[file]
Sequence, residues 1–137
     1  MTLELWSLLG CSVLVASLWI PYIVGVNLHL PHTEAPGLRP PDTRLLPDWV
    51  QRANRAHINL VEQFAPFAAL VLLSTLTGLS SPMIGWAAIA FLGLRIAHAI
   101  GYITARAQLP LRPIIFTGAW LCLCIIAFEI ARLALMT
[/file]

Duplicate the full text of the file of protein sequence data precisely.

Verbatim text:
Sequence, residues 1–137
     1  MTLELWSLLG CSVLVASLWI PYIVGVNLHL PHTEAPGLRP PDTRLLPDWV
    51  QRANRAHINL VEQFAPFAAL VLLSTLTGLS SPMIGWAAIA FLGLRIAHAI
   101  GYITARAQLP LRPIIFTGAW LCLCIIAFEI ARLALMT